Plaintiffs suing to kill the Department of Labor fiduciary rule seized on a new exemption offered by the department last week as evidence of the flawed process.
U.S. Chamber of Commerce attorneys argue that the DOL is conceding the futility of its rule by publishing a new exemption allowing independent marketing organizations to participate in the sale of fixed indexed annuities.
The response was filed in a Dallas federal court, where the chamber is the lead plaintiff. Judge Barbara M.G. Lynn heard arguments in the case Nov. 17, but has yet to rule.
On Jan. 18, the DOL proposed that IMOs with an average of $1.5 billion in annual fixed annuity premium over each of the three previous fiscal years could be issued a “financial institution” exemption under the DOL’s fiduciary rule.
Only a financial institution can assume the liability for selling FIAs and variable annuities targeted for tougher standards under the fiduciary rule. Banks, broker/dealers, insurance companies and registered investment advisors were granted FI status as the rule was published.
That left IMOs out in the cold. The DOL is attempting to address that with an exemption that officials got published one day before President Donald J. Trump took office.
The exemption “confirms that the Rule will upend the distribution system for fixed indexed annuities, including the role played by independent marketing organizations,” plaintiffs argue in the new brief. “The department failed to consider these deleterious effects or account for the resulting costs in its cost-benefit analysis.
“Instead, the department played down these problems, speculating that they could be addressed on an ad hoc basis if every IMO separately sought (and succeeded in receiving) an individual exemption from the prohibited transaction rules.”
After receiving nearly two dozen applications for these ad hoc exemptions, the DOL “now tacitly acknowledges that the fix the department advocated in litigation is not feasible and that the rule’s impact on IMOs requires promulgation of a new rule,” plaintiffs wrote.
The exemption is not popular with anyone, it seems. IMOs are unhappy with the $1.5 billion threshold.
DOL regulators apparently wanted to make sure IMOs using the financial institution exemption were well-established distributors with a track record, financial stability and “operational capacity” to implement anti-conflict of interest policies and procedures.
“The proposed $1.5 billion threshold was based on the representation in the applications,” the DOL said in its 220-page proposal. “Not all applicants provided this information, but the applicants that did generally indicated sales of this amount or more.”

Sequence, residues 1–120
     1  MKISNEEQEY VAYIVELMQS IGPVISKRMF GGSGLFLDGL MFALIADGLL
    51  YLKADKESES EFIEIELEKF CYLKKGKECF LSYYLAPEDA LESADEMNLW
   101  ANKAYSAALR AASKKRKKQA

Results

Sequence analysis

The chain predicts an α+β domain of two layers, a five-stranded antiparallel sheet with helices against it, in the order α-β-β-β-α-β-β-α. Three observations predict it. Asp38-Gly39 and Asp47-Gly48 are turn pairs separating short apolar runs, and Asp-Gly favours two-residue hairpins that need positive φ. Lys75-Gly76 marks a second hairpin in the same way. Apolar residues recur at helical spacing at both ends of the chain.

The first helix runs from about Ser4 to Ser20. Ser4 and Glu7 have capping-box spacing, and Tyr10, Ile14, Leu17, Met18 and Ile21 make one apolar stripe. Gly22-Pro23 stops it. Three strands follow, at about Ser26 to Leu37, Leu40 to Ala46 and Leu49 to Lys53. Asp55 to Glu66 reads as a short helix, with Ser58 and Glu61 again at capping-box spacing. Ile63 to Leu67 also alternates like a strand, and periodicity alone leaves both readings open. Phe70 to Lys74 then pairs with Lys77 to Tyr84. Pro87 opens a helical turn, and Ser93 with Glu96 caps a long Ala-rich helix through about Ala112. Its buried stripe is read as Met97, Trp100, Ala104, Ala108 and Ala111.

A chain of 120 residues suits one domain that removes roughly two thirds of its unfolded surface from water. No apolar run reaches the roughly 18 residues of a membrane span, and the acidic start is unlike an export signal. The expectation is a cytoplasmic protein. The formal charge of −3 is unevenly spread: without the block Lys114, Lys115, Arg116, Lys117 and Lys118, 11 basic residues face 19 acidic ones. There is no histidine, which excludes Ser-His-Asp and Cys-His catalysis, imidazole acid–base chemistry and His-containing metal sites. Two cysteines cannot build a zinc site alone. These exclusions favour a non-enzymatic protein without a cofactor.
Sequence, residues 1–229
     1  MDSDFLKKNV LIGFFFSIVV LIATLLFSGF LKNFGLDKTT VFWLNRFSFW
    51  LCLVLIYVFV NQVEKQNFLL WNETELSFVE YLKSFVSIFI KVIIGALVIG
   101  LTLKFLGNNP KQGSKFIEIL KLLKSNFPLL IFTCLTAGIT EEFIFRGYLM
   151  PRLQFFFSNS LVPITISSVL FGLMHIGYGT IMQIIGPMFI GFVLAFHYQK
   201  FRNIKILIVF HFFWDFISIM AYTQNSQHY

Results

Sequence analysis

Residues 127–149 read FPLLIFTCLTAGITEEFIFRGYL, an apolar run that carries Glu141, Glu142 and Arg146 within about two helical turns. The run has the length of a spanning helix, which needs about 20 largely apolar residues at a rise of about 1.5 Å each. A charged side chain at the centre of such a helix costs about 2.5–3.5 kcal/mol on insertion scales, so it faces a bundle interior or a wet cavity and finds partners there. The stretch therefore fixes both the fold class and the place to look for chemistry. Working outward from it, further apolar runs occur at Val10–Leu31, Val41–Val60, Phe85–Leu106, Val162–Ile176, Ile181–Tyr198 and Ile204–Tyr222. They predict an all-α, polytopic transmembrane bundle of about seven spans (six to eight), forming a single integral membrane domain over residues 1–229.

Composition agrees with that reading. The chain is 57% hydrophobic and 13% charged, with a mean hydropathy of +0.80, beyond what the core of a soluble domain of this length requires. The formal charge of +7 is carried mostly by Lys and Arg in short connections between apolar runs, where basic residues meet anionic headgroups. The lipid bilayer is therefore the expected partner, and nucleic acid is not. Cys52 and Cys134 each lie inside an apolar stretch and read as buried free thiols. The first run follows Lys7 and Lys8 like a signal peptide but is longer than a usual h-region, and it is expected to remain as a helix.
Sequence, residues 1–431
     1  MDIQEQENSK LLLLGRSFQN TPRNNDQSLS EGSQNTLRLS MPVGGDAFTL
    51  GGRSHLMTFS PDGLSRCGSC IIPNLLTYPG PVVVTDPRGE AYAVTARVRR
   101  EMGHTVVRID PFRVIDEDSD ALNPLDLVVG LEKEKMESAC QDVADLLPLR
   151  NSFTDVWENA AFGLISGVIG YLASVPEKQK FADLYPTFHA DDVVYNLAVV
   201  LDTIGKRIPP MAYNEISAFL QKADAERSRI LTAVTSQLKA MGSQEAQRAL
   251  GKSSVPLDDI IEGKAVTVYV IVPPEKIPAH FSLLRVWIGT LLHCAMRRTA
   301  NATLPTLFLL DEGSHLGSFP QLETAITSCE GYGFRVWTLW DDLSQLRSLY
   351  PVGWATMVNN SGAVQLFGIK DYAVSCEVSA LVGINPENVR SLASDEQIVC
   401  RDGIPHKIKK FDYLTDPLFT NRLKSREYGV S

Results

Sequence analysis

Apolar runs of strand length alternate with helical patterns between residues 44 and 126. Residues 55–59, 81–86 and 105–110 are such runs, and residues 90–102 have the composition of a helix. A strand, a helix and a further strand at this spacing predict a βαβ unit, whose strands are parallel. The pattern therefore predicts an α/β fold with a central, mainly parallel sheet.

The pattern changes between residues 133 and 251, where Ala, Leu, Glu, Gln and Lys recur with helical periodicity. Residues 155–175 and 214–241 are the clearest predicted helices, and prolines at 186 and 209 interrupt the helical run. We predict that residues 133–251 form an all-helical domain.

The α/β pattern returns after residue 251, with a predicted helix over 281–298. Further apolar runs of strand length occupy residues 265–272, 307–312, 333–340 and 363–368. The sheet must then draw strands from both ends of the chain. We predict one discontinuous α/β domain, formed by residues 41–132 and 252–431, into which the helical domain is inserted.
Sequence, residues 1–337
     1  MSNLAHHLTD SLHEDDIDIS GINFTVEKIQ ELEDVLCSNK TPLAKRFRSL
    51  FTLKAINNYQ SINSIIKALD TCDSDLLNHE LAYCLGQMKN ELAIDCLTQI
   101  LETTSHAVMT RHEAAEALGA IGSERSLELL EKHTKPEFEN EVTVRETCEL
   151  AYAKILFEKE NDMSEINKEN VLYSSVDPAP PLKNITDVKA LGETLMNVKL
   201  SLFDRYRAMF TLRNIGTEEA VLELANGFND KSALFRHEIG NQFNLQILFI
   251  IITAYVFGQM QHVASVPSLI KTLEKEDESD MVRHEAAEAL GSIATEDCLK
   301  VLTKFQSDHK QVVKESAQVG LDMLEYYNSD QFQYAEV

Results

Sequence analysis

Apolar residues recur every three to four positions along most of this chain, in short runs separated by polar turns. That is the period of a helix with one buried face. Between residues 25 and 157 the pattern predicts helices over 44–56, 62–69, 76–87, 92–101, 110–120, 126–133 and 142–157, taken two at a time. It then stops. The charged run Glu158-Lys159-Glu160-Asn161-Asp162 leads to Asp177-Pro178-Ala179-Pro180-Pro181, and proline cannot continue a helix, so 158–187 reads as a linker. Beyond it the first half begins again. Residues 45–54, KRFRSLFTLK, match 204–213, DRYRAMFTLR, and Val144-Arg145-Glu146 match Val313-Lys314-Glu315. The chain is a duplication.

DOL regulators also have proposed a transition period for IMOs that qualify as financial institutions from the applicability date of the exemption to Aug. 15, 2018.
Whether the rule even survives remains a political question. Trump put a hold on all Obama regulations that haven’t taken effect, but the 60-day on published regulations will not impact the April 10, 2017, applicability date for the fiduciary rule.
Waiting on a Ruling
The Trump team could still put the rule on ice and eventually kill it through a number of different means. Working with Congress to pass legislation is one way, although that might require securing Democratic votes. Also, the administration could simply promulgate a new rule reversing the fiduciary mandates, although that is a lengthy process.
Meanwhile, the industry awaits a ruling from Judge Lynn. Industry officials who attended the Dallas hearing were pleased by the judge’s questioning, although Lynn cautioned everyone present not to read anything into her comments.
Of the four lawsuits filed against the DOL rule, the government received favorable rulings on two – from judges in Kansas and Washington, D.C. A fourth lawsuit will be heard March 3 in a Minnesota court.
Judge Randolph D. Moss of District of Columbia district court took an extraordinary 71 days before he denied an injunction request by the National Association for Fixed Annuities on Nov. 4.
Noting Moss’s 92-page ruling, Lynn indicated she would operate on a quicker timeframe. Friday will be 71 days since the Dallas hearing.
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